He credits early exposure by his father (Ibrahim Kacheche), a truck driver, to what he later became.

“As a young boy, I always moved around with him in different places in the country. We ended up at many entertainment centres. I loved the way emcees held crowds spellbound. I quietly vowed to do it,” he recalls.

With a chequered education, he tried to branch straight to entertainment, but upon the prodding of his mother, Amina Bazizane, he managed to sit his A’level exams. He was admitted at Makerere University Business School (MUBS), where he graduated with a bachelor’s degree in business administration.

He laughs at moments at some schools.

“I remember when my dad got to know that I was this music fan and used to go to club. He gathered all us at home, pulled out wads of cash and asked who of us was tired of school, so he’d give us our fees to eat. I almost raised my hand, but a harsh look from my mother stopped me.”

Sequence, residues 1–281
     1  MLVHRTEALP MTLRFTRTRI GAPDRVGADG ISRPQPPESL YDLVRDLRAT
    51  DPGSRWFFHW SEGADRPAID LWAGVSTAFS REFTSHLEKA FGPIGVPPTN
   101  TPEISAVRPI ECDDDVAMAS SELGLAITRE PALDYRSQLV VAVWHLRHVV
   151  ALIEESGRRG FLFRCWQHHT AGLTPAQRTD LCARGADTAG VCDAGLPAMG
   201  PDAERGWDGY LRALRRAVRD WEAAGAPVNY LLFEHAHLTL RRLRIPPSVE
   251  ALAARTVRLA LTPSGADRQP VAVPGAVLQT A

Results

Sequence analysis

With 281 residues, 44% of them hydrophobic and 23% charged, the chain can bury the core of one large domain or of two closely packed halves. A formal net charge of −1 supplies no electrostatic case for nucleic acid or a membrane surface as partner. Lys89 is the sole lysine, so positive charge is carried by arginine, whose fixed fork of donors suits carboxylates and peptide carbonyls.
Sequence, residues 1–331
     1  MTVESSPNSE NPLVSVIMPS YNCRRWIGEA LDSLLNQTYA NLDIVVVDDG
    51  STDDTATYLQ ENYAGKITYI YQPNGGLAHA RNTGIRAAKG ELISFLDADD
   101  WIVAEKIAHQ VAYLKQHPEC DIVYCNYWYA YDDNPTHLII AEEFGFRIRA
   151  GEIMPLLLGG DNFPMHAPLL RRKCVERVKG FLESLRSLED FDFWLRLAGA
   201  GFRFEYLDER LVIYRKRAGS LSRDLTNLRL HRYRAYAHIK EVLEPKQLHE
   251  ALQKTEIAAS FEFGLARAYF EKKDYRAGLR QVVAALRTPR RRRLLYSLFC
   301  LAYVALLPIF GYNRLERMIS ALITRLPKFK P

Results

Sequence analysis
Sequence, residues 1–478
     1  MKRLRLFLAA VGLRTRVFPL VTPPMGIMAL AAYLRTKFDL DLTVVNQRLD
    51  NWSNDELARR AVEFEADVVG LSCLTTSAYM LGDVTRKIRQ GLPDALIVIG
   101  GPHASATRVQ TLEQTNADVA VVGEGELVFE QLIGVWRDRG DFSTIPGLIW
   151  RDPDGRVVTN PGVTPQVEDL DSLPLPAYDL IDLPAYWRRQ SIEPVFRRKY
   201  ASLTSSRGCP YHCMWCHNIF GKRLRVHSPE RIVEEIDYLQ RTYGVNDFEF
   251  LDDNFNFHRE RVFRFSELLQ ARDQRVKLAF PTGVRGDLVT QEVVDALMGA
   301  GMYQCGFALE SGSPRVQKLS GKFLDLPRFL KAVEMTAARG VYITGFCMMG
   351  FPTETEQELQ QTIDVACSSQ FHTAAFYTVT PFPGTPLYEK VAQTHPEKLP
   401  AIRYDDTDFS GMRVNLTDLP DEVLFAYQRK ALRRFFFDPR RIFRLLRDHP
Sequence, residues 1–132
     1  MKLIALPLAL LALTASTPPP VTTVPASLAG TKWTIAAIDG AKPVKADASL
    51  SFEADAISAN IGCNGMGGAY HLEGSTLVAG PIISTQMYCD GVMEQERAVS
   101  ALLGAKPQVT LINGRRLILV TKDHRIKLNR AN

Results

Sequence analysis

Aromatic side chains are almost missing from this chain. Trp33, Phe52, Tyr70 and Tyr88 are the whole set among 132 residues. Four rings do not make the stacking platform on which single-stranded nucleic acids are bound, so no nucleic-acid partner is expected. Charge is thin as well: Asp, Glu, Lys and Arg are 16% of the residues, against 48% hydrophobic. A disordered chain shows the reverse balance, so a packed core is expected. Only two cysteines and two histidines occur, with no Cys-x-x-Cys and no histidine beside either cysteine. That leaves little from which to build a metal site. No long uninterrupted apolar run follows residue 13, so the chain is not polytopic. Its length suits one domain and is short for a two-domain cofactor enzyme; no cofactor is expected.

When emceeing opened opportunities

Kacheche’s Senior Six vacation bore fruit. He started emceeing. When he joined university, his career grew.  Friends tipped him about opportunities.

“While at MUBS, a friend told me about a company called EXP which wanted emcees to partner with Coke Studio and I applied. Out of 60 applicants, I managed to be one of the best five and so I got the chance to be one of the emcees of the project,” he says.

It was at the Coke Studio project that he was spotted by famous emcee Douglas Lwanga. 

“I became his contact person in Mbarara,” he beams. 

Kacheche was later to become the official MC during Lwanga’s Purple parties.

 While Kacheche’s emceeing career grew bigger, media was taking a keen look at him. As his social media handles grew, he became an influencer of sorts. With it came opportunity.

He was hired at a certain radio station in Mbarara to handle social media and from this, he ended up becoming a radio presenter with Crooze FM.

Now fully entrenched in the entertainment circuit, he added managing artistes to his docket. He managed dancehall star Latinum.